Government reporting and review processes, including the Prime Minister’s
Closing the Gap Report, and the comprehensive Review of Indigenous Jobs and
Training undertaken by Mr Andrew Forrest during 2014 (the 'Forrest Review'),
were key sources of information and evidence that informed the policy process.
Government senators are not only satisfied that a comprehensive
consultation and engagement process was undertaken with stakeholders, but that
this approach will continue throughout the next phase of the program.
Activity attendance requirements
Another serious concern raised in the majority report has been the
perceived inflexibility of attendance and compliance requirements of the CDP.
Whilst acknowledging the difficulties faced by those who have had income
support suspended, government senators are confident that this is not the
experience of the vast majority of CDP participants.
Activity obligations for JobActive
The majority report has objected to the perceived inequity between
JobActive and CDP with regard to the activity obligations, specifically the
number of hours of activity required per week. Government senators argue that
this is an oversimplified view. The minister has noted:
All activity-tested job seekers nationally are required to
undertake up to 25 hours of mutual obligation activity [per week]
(depending on their assessed capacity to work) in return for their income
Furthermore, CDP participants are not required to conduct job searches
whereas their counterparts in JobActive are. In its submission, PM&C
explained the reasons for this difference:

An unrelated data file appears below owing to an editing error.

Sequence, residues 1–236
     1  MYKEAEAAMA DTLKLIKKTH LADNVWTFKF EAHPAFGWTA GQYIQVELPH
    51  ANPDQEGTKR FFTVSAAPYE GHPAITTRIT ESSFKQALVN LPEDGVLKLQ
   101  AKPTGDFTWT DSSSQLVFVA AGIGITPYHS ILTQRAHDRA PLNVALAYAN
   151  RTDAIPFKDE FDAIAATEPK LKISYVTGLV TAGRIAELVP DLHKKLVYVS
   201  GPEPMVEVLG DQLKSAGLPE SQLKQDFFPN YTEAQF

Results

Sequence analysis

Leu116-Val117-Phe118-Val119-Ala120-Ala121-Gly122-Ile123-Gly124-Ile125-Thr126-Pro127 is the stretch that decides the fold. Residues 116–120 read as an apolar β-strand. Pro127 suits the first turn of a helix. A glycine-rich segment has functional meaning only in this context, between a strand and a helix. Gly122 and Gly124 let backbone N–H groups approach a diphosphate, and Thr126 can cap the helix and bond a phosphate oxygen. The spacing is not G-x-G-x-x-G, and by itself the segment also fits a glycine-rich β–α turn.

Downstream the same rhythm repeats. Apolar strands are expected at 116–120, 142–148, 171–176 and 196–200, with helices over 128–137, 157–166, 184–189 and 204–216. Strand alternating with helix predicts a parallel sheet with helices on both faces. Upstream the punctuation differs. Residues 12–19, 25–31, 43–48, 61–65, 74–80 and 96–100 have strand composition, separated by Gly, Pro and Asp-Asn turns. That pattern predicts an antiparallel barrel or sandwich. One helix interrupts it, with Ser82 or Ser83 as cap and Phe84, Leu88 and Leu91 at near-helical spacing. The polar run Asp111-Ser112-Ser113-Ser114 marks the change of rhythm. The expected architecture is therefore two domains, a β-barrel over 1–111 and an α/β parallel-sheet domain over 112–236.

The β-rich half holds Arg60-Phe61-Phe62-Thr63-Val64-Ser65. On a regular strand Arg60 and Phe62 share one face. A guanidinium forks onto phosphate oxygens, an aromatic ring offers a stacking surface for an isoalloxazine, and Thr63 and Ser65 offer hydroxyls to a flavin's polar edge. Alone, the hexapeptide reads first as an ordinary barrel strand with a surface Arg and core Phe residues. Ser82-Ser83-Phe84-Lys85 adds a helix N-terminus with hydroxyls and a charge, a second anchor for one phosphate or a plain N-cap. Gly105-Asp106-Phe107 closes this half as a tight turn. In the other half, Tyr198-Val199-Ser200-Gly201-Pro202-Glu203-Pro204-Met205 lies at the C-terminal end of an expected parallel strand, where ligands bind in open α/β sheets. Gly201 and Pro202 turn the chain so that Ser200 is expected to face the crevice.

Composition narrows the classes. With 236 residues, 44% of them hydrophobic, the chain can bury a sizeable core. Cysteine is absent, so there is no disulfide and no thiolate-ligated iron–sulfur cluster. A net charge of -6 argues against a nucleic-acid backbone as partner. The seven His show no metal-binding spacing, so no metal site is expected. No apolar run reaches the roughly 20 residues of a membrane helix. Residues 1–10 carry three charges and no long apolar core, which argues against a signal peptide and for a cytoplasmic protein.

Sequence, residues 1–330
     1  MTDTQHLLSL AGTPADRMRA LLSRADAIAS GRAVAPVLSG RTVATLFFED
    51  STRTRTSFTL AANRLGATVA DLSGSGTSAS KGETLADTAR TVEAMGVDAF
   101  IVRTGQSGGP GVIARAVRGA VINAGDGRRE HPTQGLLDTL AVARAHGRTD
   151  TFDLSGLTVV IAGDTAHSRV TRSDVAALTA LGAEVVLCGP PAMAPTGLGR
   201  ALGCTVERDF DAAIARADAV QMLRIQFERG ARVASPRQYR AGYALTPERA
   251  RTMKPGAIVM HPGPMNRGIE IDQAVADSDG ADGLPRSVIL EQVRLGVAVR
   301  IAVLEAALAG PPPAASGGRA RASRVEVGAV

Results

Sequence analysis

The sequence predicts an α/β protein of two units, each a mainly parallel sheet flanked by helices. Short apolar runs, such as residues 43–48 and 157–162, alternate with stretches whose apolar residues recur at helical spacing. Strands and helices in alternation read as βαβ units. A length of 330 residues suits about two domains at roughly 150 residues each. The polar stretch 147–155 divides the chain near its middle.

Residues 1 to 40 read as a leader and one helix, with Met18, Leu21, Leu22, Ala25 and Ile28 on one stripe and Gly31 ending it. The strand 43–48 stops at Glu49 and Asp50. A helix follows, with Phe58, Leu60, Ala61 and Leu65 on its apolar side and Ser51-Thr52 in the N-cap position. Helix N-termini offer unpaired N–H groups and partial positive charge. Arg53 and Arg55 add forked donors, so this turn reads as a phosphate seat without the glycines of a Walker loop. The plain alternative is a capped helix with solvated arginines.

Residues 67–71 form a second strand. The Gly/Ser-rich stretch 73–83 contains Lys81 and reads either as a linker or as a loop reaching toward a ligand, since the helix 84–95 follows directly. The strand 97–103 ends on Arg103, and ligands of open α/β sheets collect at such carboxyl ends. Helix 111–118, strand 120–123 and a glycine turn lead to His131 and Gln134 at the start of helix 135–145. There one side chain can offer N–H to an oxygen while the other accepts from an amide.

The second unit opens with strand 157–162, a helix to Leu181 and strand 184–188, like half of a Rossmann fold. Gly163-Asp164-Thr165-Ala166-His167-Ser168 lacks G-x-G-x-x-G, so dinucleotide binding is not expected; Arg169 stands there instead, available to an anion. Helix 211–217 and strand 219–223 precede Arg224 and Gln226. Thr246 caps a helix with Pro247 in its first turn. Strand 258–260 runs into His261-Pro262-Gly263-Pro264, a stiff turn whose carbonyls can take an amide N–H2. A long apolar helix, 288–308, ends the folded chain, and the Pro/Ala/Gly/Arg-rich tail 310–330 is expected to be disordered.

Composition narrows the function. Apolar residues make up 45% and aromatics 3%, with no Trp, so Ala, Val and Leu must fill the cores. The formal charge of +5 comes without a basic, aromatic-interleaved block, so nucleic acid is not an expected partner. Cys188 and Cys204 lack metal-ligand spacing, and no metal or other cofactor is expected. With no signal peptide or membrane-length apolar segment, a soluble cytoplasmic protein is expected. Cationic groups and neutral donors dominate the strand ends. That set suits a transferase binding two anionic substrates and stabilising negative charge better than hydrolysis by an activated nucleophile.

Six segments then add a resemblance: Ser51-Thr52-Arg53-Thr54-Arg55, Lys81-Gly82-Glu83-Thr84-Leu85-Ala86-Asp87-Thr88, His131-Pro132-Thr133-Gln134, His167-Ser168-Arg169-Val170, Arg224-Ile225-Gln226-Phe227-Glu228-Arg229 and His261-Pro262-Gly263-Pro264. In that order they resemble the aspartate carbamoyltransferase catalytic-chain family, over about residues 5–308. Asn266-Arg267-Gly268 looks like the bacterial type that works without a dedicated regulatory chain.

The CDP is designed specifically for remote Australia, in
recognition that the requirements under jobactive in non-remote areas
(such as up to 20 job searches per month) would not be appropriate. In remote
communities, where the challenges of getting into work are greater and job seeker's
barriers much higher, it is critical that the focus of support is on helping
job seekers overcome barriers to employment, providing access to opportunities
to develop their skills and ensuring they are ready to take up work when it
becomes available. This requires immediate and more regular participation of
job seekers in meaningful activities and a more flexible approach to delivering
these activities. The lack of available work also requires a program that
allows people to meaningfully contribute to broader community goals.
The requirement for engagement in daily activities as part of the CDP
reflected the feedback from communities prior to the implementation of CDP. Mrs Field
Just to be clear: what government heard was that Indigenous
leaders were concerned around the sit-down welfare and government felt daily
participation around contributing to their community was the obligation that would
best help remote Australia.
The majority report insinuates that all CDP participants must engage in
25 hours of activities per week. Again, this is simply not true. CDP
participants are assessed and assigned an activity requirement that can range
from zero hours up to 25 hours per week. PM&C informed the committee
of the process:
Of the current CDP caseload of 32 900 (as at 30 April 2017),
53 per cent of participants (17 475 people) are required to undertake up to
25 hours of work-like activities, depending on their assessed capacity to work.
Hours of activity are assessed on a job seeker's capacity and personal